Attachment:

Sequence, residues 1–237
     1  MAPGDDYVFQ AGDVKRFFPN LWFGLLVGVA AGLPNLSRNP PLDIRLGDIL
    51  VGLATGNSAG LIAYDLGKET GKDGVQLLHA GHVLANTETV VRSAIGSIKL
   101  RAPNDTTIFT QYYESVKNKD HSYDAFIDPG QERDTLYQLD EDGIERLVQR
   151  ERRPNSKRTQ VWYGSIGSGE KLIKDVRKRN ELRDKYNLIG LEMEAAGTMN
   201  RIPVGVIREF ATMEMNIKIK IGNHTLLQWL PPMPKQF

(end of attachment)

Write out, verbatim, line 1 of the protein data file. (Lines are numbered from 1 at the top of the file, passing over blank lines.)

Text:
Sequence, residues 1–237